November 10th – Jean Quan is elected mayor of Oakland in a three-way race against opposition from police over a demand that they pay toward their own retirement.
June 14th – Johannes Mehserle, Oscar Grant’s murderer, is released from prison. Amid discussions of expanding gang injunctions to the heavily Latino Fruitvale district, Mayor Quan is unclear about her stance.
October 5th – Mayor Quan casts the tiebreaker vote in City Council to table controversial anti-crime plans, including a citywide curfew and more gang injunctions. Quan suggests she might be open to the curfew.
October 10th – Occupy Oakland established at Frank Ogawa Plaza, which is symbolically renamed “Oscar Grant Plaza.” The Plaza is located at 14th and Broadway, the symbolic gathering point of many of the 2009 rebellions.
October 11th – OPD Police Chief Anthony Batts tenders his resignation, citing resistance from the office of Mayor Quan. Howard Jordan is named Interim Chief.
October 15th – Mayor Quan presents an anti-crime plan at a “crime summit,” which includes increased patrols of high-crime neighborhoods.
October 20th – Mayor Jean Quan signs on to OPD plan to clear the Plaza.
October 24th – Citing a lack of support for public safety and the need for more police on the streets, pro-police opponents file paperwork to begin the process of recalling Quan. The SF Chronicle reports that aides now say she will support a curfew.
October 25th – At 4:45am, the Occupy camp is cleared by a massive deployment of 800 riot police with brutal beatings and tear gas dispensed. At 4pm, thousands converge at the Oakland Public Library and vow to retake the plaza. Police attack a large march with tear gas, rubber bullets, and flash-bang grenades. Several are shot with rubber bullets, and two-tour Iraq Marine Vet Scott Olson suffers a fractured skull after being shot at close range with a tear gas canister. When others attempt to rescue him, police are seen throwing flash-bang grenades into the crowd.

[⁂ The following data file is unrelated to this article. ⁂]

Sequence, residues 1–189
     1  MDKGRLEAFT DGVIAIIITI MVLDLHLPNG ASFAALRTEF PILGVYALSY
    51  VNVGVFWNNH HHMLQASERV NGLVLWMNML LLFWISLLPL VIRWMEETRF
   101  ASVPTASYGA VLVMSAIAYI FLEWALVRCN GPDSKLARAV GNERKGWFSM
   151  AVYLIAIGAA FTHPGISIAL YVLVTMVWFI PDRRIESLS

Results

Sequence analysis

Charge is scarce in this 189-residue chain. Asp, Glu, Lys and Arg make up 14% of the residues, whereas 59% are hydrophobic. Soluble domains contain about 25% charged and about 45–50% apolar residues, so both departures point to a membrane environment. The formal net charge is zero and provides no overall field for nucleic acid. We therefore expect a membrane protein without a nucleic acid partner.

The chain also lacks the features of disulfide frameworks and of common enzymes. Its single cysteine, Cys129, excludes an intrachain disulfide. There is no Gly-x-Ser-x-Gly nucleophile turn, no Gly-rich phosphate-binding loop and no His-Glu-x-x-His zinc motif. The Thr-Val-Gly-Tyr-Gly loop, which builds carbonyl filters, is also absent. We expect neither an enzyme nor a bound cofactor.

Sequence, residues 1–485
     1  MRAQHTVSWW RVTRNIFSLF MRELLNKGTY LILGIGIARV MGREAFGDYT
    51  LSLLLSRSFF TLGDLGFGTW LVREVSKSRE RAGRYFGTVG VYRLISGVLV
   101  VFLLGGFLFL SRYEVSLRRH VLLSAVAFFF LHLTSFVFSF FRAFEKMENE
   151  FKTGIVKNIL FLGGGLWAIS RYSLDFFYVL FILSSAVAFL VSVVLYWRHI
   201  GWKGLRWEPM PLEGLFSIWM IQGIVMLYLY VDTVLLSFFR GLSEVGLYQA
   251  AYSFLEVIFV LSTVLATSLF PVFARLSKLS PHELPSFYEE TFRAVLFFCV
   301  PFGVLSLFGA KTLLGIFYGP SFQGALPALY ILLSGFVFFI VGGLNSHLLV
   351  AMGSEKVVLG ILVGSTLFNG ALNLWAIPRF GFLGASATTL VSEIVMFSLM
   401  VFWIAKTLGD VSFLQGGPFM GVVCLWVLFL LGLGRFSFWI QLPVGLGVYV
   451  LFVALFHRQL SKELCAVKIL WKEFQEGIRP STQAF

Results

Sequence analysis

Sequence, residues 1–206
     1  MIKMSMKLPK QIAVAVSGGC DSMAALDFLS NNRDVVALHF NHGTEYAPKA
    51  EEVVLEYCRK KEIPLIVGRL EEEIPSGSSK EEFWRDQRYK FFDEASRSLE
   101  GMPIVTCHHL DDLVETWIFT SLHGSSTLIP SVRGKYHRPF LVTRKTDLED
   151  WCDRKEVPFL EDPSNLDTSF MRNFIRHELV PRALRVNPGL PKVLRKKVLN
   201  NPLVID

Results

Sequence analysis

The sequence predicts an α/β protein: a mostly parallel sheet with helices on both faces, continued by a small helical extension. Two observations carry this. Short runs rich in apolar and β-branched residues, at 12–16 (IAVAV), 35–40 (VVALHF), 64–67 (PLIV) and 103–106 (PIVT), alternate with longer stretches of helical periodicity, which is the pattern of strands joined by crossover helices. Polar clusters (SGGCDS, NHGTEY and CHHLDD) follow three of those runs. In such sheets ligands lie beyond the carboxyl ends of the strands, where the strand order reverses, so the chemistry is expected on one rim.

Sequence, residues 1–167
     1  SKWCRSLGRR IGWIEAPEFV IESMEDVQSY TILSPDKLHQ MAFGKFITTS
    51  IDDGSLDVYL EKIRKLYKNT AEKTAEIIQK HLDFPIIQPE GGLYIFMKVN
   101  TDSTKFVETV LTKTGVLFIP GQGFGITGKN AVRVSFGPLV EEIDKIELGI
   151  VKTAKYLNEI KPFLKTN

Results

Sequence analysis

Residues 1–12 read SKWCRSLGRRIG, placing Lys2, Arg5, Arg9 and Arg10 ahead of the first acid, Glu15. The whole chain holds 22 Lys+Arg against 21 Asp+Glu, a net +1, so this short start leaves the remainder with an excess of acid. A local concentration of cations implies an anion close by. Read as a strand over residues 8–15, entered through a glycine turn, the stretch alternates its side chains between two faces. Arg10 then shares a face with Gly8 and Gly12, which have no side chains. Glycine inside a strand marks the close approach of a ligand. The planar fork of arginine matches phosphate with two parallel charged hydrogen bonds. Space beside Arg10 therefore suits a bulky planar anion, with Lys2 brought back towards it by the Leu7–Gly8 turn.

October 26th – Amid widespread disgust, Quan backs down and allows protesters to return to Oscar Grant Plaza, the grassy areas of which have been fenced off. A General Assembly of 2-3,000 votes by a margin of 97% to call for a General Strike on Wednesday, November 2nd. Fences are removed and turned into public art sculptures.
October 27th – A General Assembly of 1,500 approves a call for an anti-police speakout on Saturday, October 29th.
October 28th – In an effort to regain control of the city, Mayor Jean Quan attempts to speak at the Occupy Oakland General Assembly, but is booed off the stage.
Wednesday, November 2, 2011
The Long Arc of the Oakland Rebellion
Bring the Ruckus has put together a timeline of events pertaining to the movement against police violence that emerged in the wake of the murder of Oscar Grant on January 1, 2009. They see this timeline as critical to understanding the particularity of the Oakland Commune even in the context of the broader Occupy movement. We agree completely with this analysis; we would only add that it would also be useful to juxtapose this timeline with the chronology of building occupations at California universities that erupted in fall 2009. A good timeline of the anti-privatization/student movement is here.